Heat the marinade in a large pot until boiling. Add your chicken to the marinade and bring back to boiling. Boil for 10 - 15 minutes.
Turn off stove and allow to sit in marinade for 1 hour.
Grill for 15 - 20 minutes.
This is SO good! The flavor is all the way through the meat and since it is already mostly cooked, it is so quick to grill. The meat was so tender!
Obviously this makes a large amount. It was perfect for serving for all my family at a Father's Day picnic. If you have less chicken, just decrease the amount of the marinade.
For more grilling recipes, see Life as Mom.
Tuesday, October 21, 2008
1. Give-away Box (or drawer or shelf)
I designated one spot for items that I'm no longer using and want to give away. (For you it might be your yard sale box.) When I find a shirt that doesn't fit Ed, or the kitchen tool that has been sitting in the drawer for five years - into the give-away box they go. When the box is full, I bag them up and drop off at CAM or other charity.
2. Return Box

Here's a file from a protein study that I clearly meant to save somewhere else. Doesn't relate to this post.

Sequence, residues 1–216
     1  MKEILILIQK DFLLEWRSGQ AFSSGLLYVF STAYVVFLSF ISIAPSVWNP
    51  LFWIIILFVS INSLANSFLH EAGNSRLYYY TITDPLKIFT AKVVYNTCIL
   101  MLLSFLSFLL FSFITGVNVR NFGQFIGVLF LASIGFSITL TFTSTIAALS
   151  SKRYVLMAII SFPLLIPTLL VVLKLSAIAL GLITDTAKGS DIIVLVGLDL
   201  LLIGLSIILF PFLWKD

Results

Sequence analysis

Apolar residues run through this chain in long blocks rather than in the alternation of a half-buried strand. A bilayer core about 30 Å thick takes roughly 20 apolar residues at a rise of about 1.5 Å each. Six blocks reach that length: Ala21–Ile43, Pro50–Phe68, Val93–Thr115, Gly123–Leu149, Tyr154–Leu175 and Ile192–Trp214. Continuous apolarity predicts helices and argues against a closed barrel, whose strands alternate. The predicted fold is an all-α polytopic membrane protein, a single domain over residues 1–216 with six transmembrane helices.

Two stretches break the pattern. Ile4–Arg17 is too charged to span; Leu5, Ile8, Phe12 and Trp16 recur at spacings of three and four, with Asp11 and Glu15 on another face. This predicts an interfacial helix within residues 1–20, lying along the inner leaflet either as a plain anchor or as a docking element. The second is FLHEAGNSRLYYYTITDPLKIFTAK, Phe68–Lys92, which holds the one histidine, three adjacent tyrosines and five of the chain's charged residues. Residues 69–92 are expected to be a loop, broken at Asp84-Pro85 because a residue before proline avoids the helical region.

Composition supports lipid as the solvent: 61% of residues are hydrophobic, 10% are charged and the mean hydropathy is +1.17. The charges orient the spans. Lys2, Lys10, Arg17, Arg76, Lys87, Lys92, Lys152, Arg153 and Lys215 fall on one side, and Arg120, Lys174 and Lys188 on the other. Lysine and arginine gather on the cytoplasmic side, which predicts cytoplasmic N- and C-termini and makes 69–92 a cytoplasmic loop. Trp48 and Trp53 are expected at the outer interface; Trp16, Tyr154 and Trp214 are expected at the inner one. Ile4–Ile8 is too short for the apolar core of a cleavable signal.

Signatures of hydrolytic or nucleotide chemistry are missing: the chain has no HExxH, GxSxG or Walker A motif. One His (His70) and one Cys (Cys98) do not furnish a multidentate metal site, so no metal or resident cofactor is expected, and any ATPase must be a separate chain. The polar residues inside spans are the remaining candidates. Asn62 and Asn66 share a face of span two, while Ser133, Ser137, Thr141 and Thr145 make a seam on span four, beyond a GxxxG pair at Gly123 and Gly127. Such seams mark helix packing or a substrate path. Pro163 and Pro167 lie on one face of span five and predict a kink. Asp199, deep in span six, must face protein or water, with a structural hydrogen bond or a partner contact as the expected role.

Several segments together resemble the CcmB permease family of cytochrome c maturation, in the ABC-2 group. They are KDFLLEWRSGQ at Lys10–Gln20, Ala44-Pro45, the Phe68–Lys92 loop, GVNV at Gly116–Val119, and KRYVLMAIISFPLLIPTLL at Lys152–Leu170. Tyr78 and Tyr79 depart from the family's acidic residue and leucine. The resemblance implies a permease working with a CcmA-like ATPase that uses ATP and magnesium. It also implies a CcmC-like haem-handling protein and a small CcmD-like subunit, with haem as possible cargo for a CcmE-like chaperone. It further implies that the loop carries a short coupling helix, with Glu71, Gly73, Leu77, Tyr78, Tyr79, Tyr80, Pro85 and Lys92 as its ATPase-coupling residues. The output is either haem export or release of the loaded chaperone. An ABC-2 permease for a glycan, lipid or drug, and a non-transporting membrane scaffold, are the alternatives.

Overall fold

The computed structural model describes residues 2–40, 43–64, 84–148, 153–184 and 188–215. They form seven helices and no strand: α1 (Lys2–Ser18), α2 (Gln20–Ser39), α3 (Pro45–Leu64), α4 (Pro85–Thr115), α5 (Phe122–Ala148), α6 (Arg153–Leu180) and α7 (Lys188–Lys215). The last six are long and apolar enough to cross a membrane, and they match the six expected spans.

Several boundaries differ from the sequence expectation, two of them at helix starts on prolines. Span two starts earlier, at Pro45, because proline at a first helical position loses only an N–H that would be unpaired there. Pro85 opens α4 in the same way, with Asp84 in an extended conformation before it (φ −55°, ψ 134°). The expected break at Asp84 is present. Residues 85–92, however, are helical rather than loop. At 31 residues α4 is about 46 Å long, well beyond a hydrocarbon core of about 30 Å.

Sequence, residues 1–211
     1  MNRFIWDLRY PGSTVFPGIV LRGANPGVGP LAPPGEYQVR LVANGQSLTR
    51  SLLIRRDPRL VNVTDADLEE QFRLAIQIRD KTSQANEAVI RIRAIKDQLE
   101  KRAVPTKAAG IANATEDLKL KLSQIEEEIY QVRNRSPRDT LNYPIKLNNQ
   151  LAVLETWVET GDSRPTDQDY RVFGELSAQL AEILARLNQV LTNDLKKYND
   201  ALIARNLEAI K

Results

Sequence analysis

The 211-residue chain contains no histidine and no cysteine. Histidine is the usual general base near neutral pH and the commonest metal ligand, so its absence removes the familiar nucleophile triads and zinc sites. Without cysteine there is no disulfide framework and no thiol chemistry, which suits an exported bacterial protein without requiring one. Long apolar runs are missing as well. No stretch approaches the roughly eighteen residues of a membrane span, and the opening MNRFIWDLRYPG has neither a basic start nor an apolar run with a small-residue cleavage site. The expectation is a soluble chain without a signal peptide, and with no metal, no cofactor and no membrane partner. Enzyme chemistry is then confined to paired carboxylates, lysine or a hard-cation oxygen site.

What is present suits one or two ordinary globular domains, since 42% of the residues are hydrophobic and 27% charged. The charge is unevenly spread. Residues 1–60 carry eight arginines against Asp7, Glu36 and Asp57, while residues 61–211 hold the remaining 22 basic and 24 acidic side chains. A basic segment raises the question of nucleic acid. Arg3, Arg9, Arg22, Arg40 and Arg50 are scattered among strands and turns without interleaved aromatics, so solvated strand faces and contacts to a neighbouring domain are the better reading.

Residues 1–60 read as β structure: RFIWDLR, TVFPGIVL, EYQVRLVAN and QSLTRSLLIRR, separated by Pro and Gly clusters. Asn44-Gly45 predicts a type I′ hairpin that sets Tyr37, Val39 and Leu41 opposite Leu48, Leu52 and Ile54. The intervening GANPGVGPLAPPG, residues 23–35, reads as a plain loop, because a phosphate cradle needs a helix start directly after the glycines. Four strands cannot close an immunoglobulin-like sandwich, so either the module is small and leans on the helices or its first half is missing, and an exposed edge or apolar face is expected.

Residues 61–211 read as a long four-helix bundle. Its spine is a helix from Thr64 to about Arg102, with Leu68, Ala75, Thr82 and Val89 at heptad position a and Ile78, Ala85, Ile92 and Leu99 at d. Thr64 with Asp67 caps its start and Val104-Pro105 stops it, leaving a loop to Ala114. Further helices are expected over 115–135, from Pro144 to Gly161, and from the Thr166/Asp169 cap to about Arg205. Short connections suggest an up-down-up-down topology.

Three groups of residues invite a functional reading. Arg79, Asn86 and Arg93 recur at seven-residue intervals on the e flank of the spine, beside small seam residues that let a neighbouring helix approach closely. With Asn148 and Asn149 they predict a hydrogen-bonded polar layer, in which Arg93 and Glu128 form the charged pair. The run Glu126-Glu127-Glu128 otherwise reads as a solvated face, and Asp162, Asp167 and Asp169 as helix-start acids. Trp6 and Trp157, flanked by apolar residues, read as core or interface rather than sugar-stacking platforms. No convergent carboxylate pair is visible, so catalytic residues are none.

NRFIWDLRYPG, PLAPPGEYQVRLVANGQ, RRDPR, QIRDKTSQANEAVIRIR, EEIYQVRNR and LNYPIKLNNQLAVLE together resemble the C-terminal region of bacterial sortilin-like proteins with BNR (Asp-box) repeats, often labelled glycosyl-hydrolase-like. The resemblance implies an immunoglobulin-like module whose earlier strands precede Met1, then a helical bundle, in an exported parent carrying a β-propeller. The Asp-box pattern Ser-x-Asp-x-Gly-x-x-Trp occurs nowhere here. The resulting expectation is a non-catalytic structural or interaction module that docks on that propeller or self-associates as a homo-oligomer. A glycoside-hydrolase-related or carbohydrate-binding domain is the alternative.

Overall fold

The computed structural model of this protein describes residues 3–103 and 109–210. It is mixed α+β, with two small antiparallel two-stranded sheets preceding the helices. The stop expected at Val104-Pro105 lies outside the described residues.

We have a shelf with anything that needs given back to someone. I don't always remember to check when I leave the house, but at least I'm not rushing through the house looking for that book, pattern, or whatever. And it doesn't have to be sitting on my counter waiting for it's turn to leave the house!
3. Attic Box
My attic is rather inconvenient to access with a narrow pull down stairs. I always want to make my trips count. But so often when I was going up for something, I couldn't remember anything that needed to go up. Enter the "attic box"! Anything waiting for a trip to higher ground gets dumped into the box. On my next trip up, I bring the box with me and quickly sort out the items!